A migration destination: Charlotte’s office market continues to evolve

The Line is a new 16-story office tower located at 2151 Hawkins St. in Charlotte’s South End neighborhood.

By Chase Monroe, Carolinas Market Director and Charlotte Brokerage Manager, and Chris Schaaf, Executive Managing Director of Tenant Representation, JLL

Nearly two years into the pandemic, the Charlotte office market is showing strong signs of recovery as economic momentum strengthens. Last year, the Queen City paved the way for growth with 4.9 million square feet of office space delivered from pre-pandemic projects, more than a million square feet more than any another metro for deliveries that took place in 2021.

Market-wide pre-letting also exceeded 60% and nearly 2.1 million square feet of office space was under construction. As 2022 dawned, the market continued to move forward as large occupiers began to return to the office and rental activity began to increase across the region. And long-awaited projects, such as Legacy Union, 110 East and The Station have been launched.

Chase Monroe, JLL

According to the Urban Land Institute’s 2021 annual report, Charlotte ranked No. 6 among the hottest real estate markets in the United States, with developers and investors betting big on cities in the Sun Belt. Considered an 18-hour city of attraction by the Emerging Trends in Real Estate investigation, people and businesses are flocking to Charlotte, the so-called “migration destination”.

Thanks to strong economic fundamentals that include growing levels of population and employment growth, nearly 4,700 net new jobs were created in the region in the first quarter alone, along with nearly 2.2 billion dollars in announced capital investments.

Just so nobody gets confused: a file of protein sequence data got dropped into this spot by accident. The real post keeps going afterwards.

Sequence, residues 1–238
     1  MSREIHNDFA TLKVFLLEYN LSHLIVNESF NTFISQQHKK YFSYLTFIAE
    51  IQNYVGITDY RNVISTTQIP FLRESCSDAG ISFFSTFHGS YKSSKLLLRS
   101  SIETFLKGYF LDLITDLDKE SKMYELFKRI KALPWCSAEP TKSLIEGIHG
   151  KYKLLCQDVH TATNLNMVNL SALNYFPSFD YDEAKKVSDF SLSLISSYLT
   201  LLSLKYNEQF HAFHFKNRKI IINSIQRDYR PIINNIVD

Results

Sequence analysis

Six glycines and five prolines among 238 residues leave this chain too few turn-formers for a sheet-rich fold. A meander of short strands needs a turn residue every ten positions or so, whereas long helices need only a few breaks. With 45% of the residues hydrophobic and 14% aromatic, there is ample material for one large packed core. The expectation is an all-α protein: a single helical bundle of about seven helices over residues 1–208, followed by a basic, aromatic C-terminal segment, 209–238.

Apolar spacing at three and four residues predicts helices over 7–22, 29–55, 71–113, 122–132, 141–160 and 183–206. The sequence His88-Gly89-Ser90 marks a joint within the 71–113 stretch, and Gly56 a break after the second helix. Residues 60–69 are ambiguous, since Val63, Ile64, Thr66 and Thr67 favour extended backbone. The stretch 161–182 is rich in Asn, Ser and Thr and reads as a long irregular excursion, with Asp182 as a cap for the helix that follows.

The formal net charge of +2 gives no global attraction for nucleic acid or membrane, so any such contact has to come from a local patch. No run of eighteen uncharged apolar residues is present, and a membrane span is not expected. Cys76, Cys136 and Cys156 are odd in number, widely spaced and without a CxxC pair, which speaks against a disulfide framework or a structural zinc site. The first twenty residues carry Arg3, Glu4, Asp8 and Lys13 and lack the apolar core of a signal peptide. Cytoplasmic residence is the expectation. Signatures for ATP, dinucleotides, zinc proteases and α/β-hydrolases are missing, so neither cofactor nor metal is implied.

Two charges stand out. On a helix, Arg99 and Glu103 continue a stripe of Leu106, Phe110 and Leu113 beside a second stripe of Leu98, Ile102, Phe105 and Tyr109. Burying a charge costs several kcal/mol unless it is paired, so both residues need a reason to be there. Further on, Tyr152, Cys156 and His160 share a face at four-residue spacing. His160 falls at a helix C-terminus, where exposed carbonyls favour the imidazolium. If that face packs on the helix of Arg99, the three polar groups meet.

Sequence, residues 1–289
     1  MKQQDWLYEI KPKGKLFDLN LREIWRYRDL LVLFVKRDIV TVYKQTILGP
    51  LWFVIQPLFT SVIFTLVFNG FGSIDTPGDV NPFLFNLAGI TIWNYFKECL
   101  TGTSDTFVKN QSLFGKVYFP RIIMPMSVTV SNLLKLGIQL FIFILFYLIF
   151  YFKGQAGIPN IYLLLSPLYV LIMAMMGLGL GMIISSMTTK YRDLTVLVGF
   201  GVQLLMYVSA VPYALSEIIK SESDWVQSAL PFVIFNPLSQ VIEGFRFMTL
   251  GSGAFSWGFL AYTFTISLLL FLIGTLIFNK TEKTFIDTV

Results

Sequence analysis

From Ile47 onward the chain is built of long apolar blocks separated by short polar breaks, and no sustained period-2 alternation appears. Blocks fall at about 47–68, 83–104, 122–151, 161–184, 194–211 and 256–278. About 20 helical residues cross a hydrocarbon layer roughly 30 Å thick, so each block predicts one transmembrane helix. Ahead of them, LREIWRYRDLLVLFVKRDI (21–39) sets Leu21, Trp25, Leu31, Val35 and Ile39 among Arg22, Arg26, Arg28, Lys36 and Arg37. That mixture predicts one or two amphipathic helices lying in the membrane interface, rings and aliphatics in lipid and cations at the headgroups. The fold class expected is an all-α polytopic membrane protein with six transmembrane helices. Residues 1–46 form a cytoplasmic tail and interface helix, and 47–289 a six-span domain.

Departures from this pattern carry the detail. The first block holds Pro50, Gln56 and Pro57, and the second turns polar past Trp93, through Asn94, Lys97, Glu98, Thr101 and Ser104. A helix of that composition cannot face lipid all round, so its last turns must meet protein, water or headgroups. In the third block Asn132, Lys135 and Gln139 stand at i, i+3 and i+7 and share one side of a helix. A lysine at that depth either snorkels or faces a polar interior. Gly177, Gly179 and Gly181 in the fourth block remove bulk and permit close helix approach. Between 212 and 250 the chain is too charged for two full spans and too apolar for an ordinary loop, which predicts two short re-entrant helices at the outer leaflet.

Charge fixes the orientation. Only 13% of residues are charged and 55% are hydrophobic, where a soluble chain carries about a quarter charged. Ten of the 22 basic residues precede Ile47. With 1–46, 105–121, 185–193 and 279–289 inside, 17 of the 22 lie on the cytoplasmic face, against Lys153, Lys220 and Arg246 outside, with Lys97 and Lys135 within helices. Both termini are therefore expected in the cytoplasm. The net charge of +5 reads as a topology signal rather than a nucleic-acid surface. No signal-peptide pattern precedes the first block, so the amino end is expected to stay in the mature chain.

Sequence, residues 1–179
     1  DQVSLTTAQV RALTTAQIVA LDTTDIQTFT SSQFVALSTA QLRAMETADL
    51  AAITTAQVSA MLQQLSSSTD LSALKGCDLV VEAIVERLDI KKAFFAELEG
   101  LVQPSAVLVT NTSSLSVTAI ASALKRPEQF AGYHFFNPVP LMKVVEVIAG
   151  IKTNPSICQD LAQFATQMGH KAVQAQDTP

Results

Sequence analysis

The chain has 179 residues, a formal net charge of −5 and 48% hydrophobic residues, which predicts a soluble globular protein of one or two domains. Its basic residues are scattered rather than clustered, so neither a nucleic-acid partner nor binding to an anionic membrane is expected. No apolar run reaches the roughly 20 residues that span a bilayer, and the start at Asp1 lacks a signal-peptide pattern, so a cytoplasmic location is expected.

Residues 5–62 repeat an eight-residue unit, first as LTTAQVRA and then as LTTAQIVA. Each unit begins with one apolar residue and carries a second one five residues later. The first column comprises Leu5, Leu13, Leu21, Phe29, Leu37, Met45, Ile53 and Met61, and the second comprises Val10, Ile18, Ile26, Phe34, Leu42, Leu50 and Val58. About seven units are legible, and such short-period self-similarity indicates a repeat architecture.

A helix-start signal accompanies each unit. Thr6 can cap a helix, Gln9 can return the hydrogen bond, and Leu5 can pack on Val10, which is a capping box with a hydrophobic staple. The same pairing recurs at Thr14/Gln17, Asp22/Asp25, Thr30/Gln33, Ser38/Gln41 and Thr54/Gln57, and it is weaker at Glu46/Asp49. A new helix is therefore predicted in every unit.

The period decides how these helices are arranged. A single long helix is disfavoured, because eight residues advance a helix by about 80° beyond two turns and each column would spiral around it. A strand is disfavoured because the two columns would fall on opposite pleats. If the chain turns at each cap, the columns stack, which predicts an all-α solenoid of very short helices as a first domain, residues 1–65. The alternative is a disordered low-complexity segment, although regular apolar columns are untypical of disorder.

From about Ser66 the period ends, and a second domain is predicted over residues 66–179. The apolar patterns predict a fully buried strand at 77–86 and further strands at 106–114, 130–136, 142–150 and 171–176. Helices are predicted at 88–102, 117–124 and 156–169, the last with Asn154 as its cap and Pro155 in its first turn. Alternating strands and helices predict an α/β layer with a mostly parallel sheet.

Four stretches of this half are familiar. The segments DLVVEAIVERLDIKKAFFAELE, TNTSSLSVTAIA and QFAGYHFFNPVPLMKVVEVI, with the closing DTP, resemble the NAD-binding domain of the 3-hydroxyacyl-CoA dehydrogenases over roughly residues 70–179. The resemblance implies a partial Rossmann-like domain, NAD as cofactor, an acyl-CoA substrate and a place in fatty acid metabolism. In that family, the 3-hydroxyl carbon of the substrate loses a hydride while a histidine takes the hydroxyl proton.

Chris Schaaf, JLL

Charlotte’s South End neighborhood continues to lead the market in terms of rental and construction activity, much of which is driven by new product delivery. Notable projects include Queensbridge Collective, a 41-story, 810,500 square foot office building, and 110 East, a 360,000 square foot office building which is expected to be delivered in the fourth quarter of 2024.

So far in 2022, nearly 60% of the more than 4.1 million square feet of office space under construction in Charlotte is in the South End or Uptown. Of buildings delivered in the past two years, 79% of newly delivered space in Uptown and South End has been leased, and 68.3% of new space in all Central Business District submarkets has been leased.

Looking further into the market, rental activity nearly doubled in the first quarter compared to the fourth quarter of 2021 as new products began to control the movement of the market. Several major announcements contributed to this, but the main source of rental activity in the first quarter was Vantage South End. The 635,000 square foot mixed-use development added five floors of leases totaling more than 130,000 square feet in the first quarter alone.

The flight to quality continues